I can’t imagine any of this is much fun for her, but for me to watch it is terrifying. I’m reminded of a time several years ago when I was holding her in my lap on the sofa. I was scratching her ears and I felt something fall and hit me in the arm. I picked it up and saw that it was one of her teeth. I was horrified, and of course I freaked out. “OH MY GOD, MAUDE, ARE YOU OKAY?” I cried. She wagged her tail and looked at me like, hey, when can we get back to you scratching my ears?

But that was 2005. Now it’s 2013 and she’s 13 years old, at least, and I don’t know how much time she has left. There is still tail wagging, thankfully. She gets excited about food and treats and going outside. She likes to explore the yard, albeit very, very slowly. She likes to sit next to me in bed and lick my forehead. She likes when I give her little pieces of vegetables I’m chopping. She can’t go on neighborhood walks anymore, but we put her in a little secondhand stroller and wheel her around, and she likes being out and about with us. Of course I don’t know this for absolutely sure, but she seems like she isn’t in any pain.


best $5 I ever spent at the Texas state surplus property store

But sometimes there is no tail wagging. Sometimes I put her down on the bed, and instead of moving around and getting comfortable like she usually does, she lets herself sort of fall down wherever I’ve placed her. Sometimes I tell her it’s time to go outside, and instead of standing up and moving towards the door, she just lies there and stares up at me.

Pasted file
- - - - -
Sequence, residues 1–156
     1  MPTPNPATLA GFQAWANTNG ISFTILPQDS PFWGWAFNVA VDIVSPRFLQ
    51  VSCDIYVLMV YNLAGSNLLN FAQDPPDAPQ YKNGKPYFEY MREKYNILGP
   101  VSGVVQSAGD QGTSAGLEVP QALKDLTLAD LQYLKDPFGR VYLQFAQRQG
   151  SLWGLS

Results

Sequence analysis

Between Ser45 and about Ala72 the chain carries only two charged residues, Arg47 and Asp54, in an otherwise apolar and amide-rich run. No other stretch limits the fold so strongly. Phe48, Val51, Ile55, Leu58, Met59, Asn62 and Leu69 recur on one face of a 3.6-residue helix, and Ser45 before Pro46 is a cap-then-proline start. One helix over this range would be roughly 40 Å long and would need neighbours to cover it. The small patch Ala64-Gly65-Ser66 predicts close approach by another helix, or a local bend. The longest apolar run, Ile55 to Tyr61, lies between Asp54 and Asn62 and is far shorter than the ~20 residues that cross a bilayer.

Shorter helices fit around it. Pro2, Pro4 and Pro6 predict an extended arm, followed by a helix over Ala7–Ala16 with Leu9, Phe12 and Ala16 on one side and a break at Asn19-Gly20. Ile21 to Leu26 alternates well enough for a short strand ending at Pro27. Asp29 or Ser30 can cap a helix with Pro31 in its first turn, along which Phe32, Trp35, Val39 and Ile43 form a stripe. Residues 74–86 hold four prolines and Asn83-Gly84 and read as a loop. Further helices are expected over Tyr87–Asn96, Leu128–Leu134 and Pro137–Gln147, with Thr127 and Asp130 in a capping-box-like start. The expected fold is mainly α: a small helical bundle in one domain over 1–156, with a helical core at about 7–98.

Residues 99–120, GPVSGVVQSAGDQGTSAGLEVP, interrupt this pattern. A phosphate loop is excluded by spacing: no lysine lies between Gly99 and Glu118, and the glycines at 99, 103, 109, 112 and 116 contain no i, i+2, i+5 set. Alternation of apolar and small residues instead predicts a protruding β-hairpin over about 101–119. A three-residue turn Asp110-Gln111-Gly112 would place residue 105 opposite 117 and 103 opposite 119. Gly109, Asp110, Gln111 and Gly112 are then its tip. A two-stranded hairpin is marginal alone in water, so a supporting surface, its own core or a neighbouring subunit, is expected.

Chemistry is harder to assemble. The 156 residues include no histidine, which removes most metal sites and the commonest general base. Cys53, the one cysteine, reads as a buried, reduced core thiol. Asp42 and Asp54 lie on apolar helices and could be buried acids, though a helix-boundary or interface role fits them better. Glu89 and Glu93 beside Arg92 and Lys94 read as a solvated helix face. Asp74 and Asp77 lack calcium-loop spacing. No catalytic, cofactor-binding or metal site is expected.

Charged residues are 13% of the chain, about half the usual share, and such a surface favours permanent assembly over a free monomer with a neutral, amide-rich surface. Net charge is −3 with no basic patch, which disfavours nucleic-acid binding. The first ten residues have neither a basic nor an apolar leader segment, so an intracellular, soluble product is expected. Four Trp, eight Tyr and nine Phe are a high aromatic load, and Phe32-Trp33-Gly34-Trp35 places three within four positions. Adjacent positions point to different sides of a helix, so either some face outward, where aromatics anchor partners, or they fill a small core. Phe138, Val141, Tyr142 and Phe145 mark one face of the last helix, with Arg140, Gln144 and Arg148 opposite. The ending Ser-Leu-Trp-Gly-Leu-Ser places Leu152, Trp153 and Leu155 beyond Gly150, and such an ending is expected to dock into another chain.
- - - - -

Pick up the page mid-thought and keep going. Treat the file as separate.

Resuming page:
The decision of when it’s time to let your dog go is one I’ve never made by myself before. We had to put our childhood dog to sleep when she was 11 and the vet discovered that she was positively riddled with cancer. My sister and my dad were driving to St. Louis to take my sis to college at the time, and since this was before cell phones, my mom and I couldn’t call to consult them. But that decision was an obvious one for my mom and me to make, and we did the right thing. The hard part was later that day, when we flew to St. Louis to meet my dad and sister, and we had to tell them that the dog they’d said “see you soon” to that morning was dead.

This decision is different. First of all, it’s mine and Brendan’s to make. We are not 20 years old, and there is no medically-trained mother here to tell us what she thinks we should do. We’re 34 and 35, and she’s our dog, and second of all there is no obvious, hard-line evidence telling us what to do. Some days I see her lying there listlessly and think, it’s time. Other days I get ready to give her treats and she jumps up and down on those tricky hind legs like she’s 4 years old again, and I think, how could I ever have thought it was time?